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because the NA's did not have the wheel?
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Old 06-10-2019, 11:49 AM
 
Location: Aurora Denveralis
8,080 posts, read 2,816,523 times
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Quote:
Originally Posted by turkeydance View Post
because the NA's did not have the wheel?
Irrelevant trope.

There isn't really a need for nuclear reactors when you don't have light bulbs.
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Old 06-10-2019, 11:57 AM
 
Location: Aurora Denveralis
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Quote:
Originally Posted by Huckleberry3911948 View Post
Same reason people move to Alaska and live off the land
They don’t want to get with the program
The small tribes living in the wilderness were also off the grid
Not everybody sees big city life as development and progress
This only makes sense in light of a world that has big cities that can be rejected. The idea that some sort of primitivists pre-rejected the notion of larger civilization is... bizarre.

Or at least grossly lacking in historical perspective.
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Old 06-10-2019, 02:04 PM
 
Location: plano
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Taos Pueblos are thought to be continuously for over 1000 years. They are just north of the town of Taos NM. Look at Chaco in NM as well where buildings with 700 rooms were built but only ruins remain. Also check out Canyon De Chelles near the NM and Arizona border. A more remote example of cave dwellings like Monte Verde in Colorado.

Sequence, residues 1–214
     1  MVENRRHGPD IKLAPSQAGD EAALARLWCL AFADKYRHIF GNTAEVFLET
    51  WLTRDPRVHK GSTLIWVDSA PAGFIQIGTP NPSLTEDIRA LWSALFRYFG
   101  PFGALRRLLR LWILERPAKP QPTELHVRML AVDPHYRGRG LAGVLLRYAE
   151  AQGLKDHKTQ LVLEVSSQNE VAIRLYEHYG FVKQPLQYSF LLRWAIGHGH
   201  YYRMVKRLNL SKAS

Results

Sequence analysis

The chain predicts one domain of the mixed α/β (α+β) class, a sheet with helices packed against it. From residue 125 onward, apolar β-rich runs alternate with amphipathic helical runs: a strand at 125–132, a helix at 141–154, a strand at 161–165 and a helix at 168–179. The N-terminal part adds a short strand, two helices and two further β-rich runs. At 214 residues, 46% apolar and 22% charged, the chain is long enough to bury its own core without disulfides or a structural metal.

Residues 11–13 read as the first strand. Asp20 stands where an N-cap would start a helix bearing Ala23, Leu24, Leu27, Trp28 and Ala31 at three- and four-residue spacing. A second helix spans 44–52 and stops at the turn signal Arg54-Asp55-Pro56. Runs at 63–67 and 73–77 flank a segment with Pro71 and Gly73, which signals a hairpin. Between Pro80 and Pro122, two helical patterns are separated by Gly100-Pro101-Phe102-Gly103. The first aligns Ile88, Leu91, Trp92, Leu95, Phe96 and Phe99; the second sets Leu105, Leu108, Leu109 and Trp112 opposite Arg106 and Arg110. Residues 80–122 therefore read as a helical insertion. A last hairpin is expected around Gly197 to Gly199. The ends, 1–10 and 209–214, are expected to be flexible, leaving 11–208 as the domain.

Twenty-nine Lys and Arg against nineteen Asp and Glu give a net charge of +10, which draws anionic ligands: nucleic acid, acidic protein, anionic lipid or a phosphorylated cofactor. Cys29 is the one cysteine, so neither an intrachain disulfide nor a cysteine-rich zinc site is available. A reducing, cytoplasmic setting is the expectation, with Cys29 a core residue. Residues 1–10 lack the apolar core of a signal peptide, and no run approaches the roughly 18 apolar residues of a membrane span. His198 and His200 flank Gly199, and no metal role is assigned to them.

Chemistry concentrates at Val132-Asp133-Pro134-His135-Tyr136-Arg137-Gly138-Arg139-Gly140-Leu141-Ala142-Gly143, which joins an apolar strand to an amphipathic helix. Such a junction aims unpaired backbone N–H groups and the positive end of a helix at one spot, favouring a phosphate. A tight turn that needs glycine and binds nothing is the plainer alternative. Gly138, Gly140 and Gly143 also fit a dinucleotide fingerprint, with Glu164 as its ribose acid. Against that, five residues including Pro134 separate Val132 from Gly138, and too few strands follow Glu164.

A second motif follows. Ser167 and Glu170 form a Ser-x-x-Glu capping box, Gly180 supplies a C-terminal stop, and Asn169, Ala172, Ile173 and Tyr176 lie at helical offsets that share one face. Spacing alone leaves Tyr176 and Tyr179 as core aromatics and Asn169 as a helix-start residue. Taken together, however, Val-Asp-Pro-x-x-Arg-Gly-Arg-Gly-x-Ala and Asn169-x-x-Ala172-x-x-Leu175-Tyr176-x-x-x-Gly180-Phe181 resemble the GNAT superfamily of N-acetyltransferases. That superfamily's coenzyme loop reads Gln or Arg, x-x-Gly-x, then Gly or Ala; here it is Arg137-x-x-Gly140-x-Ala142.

What man knows at any given point in time, looks ill informed when looking back at that same time from a century later. We suffer that same tendency, that is to think we know more than we do.

In my 70 years Ive seen coffee declared bad for me, to good for me to drink all of it I want, sans milk and sugar to now its thought coffee in moderation of two or less cups a day are good for us but over that is bad. This is a small example where mans knowledge of something simple changes over a short time. Be open to being proved wrong over time, no matter how certain some may claim to be of their position..
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Old 06-10-2019, 02:40 PM
 
Location: Aurora Denveralis
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Quote:
Originally Posted by Johnhw2 View Post
Taos Pueblos are thought to be continuously for over 1000 years. They are just north of the town of Taos NM. Look at Chaco in NM as well where buildings with 700 rooms were built but only ruins remain. Also check out Canyon De Chelles near the NM and Arizona border. A more remote example of cave dwellings like Monte Verde in Colorado.